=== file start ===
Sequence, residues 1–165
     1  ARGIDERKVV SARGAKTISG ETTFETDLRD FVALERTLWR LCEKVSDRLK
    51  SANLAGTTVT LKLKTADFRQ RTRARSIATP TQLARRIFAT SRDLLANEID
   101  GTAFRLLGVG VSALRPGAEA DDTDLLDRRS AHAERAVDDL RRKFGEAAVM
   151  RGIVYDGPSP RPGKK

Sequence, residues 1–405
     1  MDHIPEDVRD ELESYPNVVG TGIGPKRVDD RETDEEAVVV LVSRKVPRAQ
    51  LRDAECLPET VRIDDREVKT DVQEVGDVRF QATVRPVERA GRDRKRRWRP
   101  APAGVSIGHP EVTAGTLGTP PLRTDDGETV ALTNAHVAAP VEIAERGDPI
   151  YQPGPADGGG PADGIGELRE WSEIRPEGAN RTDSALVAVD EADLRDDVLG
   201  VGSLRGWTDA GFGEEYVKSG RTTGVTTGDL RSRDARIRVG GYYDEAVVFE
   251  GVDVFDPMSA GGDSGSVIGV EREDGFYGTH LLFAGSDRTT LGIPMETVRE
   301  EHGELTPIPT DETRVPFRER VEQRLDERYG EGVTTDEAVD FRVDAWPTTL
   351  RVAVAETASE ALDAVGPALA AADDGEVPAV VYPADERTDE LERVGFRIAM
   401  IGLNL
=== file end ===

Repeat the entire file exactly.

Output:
Sequence, residues 1–165
     1  ARGIDERKVV SARGAKTISG ETTFETDLRD FVALERTLWR LCEKVSDRLK
    51  SANLAGTTVT LKLKTADFRQ RTRARSIATP TQLARRIFAT SRDLLANEID
   101  GTAFRLLGVG VSALRPGAEA DDTDLLDRRS AHAERAVDDL RRKFGEAAVM
   151  RGIVYDGPSP RPGKK

Sequence, residues 1–405
     1  MDHIPEDVRD ELESYPNVVG TGIGPKRVDD RETDEEAVVV LVSRKVPRAQ
    51  LRDAECLPET VRIDDREVKT DVQEVGDVRF QATVRPVERA GRDRKRRWRP
   101  APAGVSIGHP EVTAGTLGTP PLRTDDGETV ALTNAHVAAP VEIAERGDPI
   151  YQPGPADGGG PADGIGELRE WSEIRPEGAN RTDSALVAVD EADLRDDVLG
   201  VGSLRGWTDA GFGEEYVKSG RTTGVTTGDL RSRDARIRVG GYYDEAVVFE
   251  GVDVFDPMSA GGDSGSVIGV EREDGFYGTH LLFAGSDRTT LGIPMETVRE
   301  EHGELTPIPT DETRVPFRER VEQRLDERYG EGVTTDEAVD FRVDAWPTTL
   351  RVAVAETASE ALDAVGPALA AADDGEVPAV VYPADERTDE LERVGFRIAM
   401  IGLNL